o   Int’l Shoe – minimum contacts required for jx so that “notions of fair play and substantial justice” are upheld.
o   WWV – policy justification – one of the things we want to protect is the ability of Δs to say they don’t want to serve or seek to serve in CA b/c they don’t want to be subject to potential suit there. 
–          PURPOSEFUL AVAILMENT – focuses solely on the Δ’s actions—was there some voluntary action by the Δ establishing an affiliation w/ a forum, in which the Δ seeks benefit from the forum state? (Any activities that warrant conclusion that case be brought in this forum). This is a policy judgment, the Δ should be able to limit the places in which he is subject to suit by choosing not to direct their activities toward those places. Foreseeability – Δ’s conduct and connection w/ the forum are such that he should reasonably anticipate being haled into court there is NOT SUFFICIENT BY ITSELF. 
o   Relation to claims – specific jurisdiction allows some claims to be brought here, but not all (that would be general jurisdiction). There should be some kind of connection between the claim being asserted and the contacts/actions of the Δ that satisfies purposeful availment. Π’s claims should “arise out of or relate to” Δ’s efforts to serve in a particular forum (Δ’s efforts can include seeks to serve, stream of commerce, targeted conduct, etc).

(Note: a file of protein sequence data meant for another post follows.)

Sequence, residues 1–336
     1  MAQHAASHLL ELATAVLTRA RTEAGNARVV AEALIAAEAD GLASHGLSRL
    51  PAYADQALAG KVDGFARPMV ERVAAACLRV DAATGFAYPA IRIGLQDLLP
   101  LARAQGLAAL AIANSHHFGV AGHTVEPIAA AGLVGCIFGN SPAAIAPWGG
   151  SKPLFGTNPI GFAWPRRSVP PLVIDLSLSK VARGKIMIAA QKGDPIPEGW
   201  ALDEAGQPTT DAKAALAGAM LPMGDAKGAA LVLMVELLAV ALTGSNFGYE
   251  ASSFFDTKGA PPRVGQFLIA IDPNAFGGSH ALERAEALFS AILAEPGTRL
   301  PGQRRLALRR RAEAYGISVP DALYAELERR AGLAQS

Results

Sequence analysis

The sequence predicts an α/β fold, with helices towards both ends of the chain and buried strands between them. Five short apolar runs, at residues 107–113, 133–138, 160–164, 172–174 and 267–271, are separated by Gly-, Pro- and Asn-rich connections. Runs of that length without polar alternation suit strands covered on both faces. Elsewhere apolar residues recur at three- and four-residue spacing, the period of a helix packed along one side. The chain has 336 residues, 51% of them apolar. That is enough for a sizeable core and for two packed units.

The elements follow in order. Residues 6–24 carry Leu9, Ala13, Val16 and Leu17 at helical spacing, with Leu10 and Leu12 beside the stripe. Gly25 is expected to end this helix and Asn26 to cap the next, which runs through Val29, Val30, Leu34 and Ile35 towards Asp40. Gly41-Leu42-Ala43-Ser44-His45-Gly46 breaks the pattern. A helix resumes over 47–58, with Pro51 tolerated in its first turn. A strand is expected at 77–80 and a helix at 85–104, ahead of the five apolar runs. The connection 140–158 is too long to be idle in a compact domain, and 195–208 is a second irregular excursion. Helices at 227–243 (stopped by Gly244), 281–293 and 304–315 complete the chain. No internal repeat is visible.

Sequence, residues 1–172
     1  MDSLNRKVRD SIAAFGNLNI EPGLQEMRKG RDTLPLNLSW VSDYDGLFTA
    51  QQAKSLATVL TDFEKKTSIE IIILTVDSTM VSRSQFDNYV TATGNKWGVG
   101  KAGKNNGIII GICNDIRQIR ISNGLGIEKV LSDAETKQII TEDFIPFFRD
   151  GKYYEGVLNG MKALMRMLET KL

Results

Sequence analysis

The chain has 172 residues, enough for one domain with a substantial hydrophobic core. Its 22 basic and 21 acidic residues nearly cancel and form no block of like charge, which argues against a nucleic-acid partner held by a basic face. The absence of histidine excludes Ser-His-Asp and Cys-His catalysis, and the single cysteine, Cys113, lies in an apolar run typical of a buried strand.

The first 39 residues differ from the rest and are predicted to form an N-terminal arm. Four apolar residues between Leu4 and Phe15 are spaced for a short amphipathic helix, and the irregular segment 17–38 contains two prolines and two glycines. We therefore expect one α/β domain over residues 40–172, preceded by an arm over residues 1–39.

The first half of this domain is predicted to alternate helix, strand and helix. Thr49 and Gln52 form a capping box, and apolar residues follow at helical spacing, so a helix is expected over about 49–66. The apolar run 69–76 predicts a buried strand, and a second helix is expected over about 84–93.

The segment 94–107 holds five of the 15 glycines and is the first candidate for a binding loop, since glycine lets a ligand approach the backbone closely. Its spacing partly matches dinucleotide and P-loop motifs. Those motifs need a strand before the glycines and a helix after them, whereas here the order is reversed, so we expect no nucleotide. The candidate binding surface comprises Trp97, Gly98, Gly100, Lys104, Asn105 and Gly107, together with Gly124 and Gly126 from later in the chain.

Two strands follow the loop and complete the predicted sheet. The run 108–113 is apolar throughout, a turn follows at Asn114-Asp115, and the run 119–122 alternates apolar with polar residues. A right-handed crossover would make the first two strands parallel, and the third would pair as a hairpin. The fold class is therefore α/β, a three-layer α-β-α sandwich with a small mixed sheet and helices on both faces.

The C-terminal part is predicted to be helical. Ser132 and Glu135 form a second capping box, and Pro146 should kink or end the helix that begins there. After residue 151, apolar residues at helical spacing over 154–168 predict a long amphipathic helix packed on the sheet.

o   Seeks to Serve (more direct than SOC) – O’Connor’s decision in Asahi. WW

l (or negligent) torts, jx is allowed for nonresident Δ in a forum where Δ has expressly aimed/targeted its action. 
§ Calder v. Jones – slandering story about Jones. Court required more than mere distribution of papers here. Generally, should not be able to sue employees b/c the employer distributes the products, but what Δs did in writing the story should have alerted him to possible suit in CA. Brunt of the harm in CA and Jones’ injury felt in CA, and writer intentionally wrote the story, knowing Jones lived in CA and that it would impact her in CA. Purposeful availment prong satisfied and lots of reasonableness reasons too.
§ Bates – letter sent to Bates would fall short of targeted conduct b/c letter was sent to PA then. No reason to foreseen the effect in NY and the brunt of the harm was in the forum state so you should have seen that you actions would have haled you into the forum. If anything they would have foreseen that they would have been haled into court in PA b/c that’s where they sent the letter, not NY.
·         What if targeted conduct (arrows) don’t all point in the same direction? It gets harder to establish targeted conduct then, but the more arrows point to the forum, easier it is to uphold jx based on targeted conduct. Stick to whether Δ should have reasonable foreseen being haled into court in the forum. Courts have varying interpretations when arrows don’t all point to the same direction.
§ Keeton v. Hustler – Δ purposely availed himself to in state activities by distributing magazines w/I the state on a regular basis and in substantial quantities. Π had no prior contacts w/ NH, but she sued there b/c SOL ran out in all other states. Jx upheld b/c Δ seeks to serve in NH and distribution there was not random nor fortuitous.